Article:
Publication - Working Paper
Publication - Policy Brief
Despite conventional wisdom that informality is defined by being outside the tax net, informal workers in developing countries often encounter a range of taxes to community, municipal, and national authorities. They also can be coerced to make payments to non-state entities, such as party youth leagues and vigilantes, in exchange for security. This study examines...
Urban informality, tax compliance, and accountability in Zambia
What drives tax compliance among informal sector workers in Africa? And does taxation strengthen accountability between governments and the informal sector? These questions are hugely important in Africa for a number of reasons. First, the informal sector plays a critical role in contributing to structural transformation, particularly by facilitating production and employment linkages between rural areas and secondary towns and cities. Secondly, in decentralised settings, tax revenue is critical for generating the fiscal autonomy needed for local governments to invest in public goods and services. Thirdly, taxation has long been viewed as an essential component for reinforcing the social contract between states and citizens. However, tax collection remains notoriously low in much of Africa and faces even further difficulties, including administration costs, when applied to the informal sector.
In urban Zambia, where approximately 72 percent of the labour force works in the informal sector, improving tax compliance among this constituency is a policy goal to increase domestic resource mobilization. Official definitions of the informal economy vary, but they all generally refer to a source of self-employment in which workers are not recognized or protected under labour legislation, lack key social protections, and work irregular hours in potentially unsafe conditions or undefined workplaces. Over the last decade, the Government has attempted to improve taxation of the sector through the introduction of presumptive taxes on minibuses in 2004 and base taxes on marketeers in 2005. Yet, these have been relatively unsuccessful in generating significant tax morale. At the same time, many of the municipal councils have struggled to raise adequate revenue from the rates and levies that they charge marketeers, even though markets are one of their main sources of council revenue.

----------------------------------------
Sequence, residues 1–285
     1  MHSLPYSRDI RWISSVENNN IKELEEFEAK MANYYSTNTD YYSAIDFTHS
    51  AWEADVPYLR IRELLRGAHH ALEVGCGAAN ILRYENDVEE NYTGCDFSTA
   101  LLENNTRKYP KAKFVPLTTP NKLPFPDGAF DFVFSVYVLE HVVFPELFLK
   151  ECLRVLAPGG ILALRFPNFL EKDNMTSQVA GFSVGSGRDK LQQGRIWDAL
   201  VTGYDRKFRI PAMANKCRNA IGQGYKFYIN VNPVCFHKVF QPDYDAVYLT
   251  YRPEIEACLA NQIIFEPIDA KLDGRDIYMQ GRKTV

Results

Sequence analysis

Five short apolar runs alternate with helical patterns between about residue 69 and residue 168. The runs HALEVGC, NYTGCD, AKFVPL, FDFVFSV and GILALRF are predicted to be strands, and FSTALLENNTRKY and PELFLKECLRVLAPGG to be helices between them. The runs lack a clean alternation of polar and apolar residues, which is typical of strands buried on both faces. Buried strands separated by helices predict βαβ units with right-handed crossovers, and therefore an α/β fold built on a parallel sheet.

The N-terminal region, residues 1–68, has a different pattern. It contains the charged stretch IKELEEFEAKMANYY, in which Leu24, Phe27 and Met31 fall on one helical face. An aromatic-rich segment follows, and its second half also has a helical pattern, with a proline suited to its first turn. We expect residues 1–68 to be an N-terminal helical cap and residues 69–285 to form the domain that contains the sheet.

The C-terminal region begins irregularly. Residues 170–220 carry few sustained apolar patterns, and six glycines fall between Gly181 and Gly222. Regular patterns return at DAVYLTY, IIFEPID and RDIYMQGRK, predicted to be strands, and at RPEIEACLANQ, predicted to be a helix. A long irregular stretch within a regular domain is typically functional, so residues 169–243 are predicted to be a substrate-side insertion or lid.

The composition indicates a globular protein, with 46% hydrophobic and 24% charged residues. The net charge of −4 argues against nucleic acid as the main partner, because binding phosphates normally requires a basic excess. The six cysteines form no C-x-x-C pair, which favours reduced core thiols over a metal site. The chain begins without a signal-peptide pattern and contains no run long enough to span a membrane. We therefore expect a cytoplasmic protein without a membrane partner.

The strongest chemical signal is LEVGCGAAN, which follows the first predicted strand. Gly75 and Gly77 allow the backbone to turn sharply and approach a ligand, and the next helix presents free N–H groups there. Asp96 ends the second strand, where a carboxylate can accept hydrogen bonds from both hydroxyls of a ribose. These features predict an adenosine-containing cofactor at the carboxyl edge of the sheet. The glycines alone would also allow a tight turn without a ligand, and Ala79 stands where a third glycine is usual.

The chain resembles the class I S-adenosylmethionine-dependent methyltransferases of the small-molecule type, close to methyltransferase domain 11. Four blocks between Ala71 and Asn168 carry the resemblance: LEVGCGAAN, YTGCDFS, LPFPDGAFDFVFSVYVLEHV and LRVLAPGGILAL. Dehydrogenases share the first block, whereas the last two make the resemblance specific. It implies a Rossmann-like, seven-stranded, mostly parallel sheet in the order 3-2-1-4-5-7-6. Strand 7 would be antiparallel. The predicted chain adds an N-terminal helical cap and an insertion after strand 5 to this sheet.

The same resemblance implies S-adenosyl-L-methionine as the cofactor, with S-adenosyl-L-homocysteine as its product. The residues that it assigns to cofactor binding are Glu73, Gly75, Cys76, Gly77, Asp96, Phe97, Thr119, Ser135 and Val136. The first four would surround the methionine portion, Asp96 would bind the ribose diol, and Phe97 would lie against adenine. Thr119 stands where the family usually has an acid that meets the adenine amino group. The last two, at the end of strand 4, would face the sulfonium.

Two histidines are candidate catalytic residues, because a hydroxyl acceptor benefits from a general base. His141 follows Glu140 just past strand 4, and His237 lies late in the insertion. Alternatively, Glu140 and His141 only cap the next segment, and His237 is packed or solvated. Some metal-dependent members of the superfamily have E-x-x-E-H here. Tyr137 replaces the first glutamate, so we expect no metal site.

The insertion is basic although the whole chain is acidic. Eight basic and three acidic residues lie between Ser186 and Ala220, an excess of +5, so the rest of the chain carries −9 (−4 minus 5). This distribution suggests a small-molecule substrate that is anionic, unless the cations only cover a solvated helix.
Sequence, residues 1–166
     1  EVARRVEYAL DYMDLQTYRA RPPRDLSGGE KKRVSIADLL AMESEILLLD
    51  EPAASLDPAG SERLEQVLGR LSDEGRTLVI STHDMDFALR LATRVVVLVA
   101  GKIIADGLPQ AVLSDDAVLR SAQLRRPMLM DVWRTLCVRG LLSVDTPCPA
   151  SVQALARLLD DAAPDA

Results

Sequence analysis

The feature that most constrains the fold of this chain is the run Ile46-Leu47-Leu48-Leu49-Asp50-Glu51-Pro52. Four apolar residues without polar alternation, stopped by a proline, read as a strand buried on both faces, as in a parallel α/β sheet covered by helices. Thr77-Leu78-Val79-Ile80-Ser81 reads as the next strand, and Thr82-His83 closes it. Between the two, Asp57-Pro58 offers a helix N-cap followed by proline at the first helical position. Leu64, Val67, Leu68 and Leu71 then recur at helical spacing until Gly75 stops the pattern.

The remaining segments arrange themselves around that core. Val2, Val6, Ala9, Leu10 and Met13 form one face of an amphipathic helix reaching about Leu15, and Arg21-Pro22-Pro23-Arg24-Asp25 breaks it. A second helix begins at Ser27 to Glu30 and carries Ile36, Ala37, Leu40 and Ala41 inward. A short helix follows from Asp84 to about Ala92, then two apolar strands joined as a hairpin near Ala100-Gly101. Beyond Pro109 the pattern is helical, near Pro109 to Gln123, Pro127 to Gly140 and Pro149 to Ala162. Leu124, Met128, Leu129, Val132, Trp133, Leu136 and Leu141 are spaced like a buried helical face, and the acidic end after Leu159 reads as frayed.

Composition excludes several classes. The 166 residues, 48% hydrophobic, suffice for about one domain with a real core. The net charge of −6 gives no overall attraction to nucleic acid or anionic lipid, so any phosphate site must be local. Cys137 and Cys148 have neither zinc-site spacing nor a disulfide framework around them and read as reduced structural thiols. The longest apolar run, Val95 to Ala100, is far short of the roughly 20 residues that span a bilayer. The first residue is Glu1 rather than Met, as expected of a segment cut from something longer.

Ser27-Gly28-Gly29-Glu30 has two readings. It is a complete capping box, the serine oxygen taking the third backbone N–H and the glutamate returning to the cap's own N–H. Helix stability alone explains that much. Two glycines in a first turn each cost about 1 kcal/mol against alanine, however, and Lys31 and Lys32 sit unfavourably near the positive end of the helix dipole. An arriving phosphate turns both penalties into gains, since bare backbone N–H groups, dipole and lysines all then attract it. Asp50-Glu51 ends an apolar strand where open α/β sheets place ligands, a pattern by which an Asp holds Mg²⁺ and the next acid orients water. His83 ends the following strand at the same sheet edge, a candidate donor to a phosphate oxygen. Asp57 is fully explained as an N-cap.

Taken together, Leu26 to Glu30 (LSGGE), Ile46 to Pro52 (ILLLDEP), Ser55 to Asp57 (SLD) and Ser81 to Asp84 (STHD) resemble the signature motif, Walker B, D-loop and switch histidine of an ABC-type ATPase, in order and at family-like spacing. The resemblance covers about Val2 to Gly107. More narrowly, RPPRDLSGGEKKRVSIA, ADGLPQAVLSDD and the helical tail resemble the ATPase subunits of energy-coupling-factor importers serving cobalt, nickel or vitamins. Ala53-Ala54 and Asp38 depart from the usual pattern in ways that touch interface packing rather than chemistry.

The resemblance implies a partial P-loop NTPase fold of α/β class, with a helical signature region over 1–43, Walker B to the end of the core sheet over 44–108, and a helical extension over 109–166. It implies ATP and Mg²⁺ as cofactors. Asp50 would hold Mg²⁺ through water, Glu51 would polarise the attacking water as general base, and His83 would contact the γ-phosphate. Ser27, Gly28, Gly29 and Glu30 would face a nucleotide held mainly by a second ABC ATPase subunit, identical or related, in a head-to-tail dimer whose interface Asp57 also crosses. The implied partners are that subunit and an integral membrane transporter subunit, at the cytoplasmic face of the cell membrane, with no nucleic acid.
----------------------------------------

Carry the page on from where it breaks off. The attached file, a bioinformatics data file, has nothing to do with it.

In addition to drawing on secondary survey and administrative revenue data, the project will collect primary data through a survey with 600 informal workers across 10 of Lusaka’s markets. The survey will help probe four potential reasons for low compliance. These reasons include uneven enforcement by authorities, the failure of marketeers to see how taxes are used for relevant services, perceptions about inequitable tax burdens applied across different types of informal workers, and opaque lines of authority over who is responsible for taxation, including the Lusaka City Council and market associations. Using a vote choice experiment, the project also looks at the relationship between taxation and accountability, including whether those who pay taxes feel empowered to pressure the local government for not only better services but also for mitigation against informal sector harassment.
Ultimately, the project aims to uncover feasible policy options to improve compliance without undermining the entrepreneurial and employment gains contributed by the informal sector. In doing so, the project will engage with the Zambian Revenue Authority (ZRA), the Lusaka City Council (LCC), the Ministry for Local Government (MLG), and associations of informal workers, such as the Zambia National Marketeers Credit Association (ZANAMACA) and the Alliance for Zambian Informal Economy Associations (AZIEA).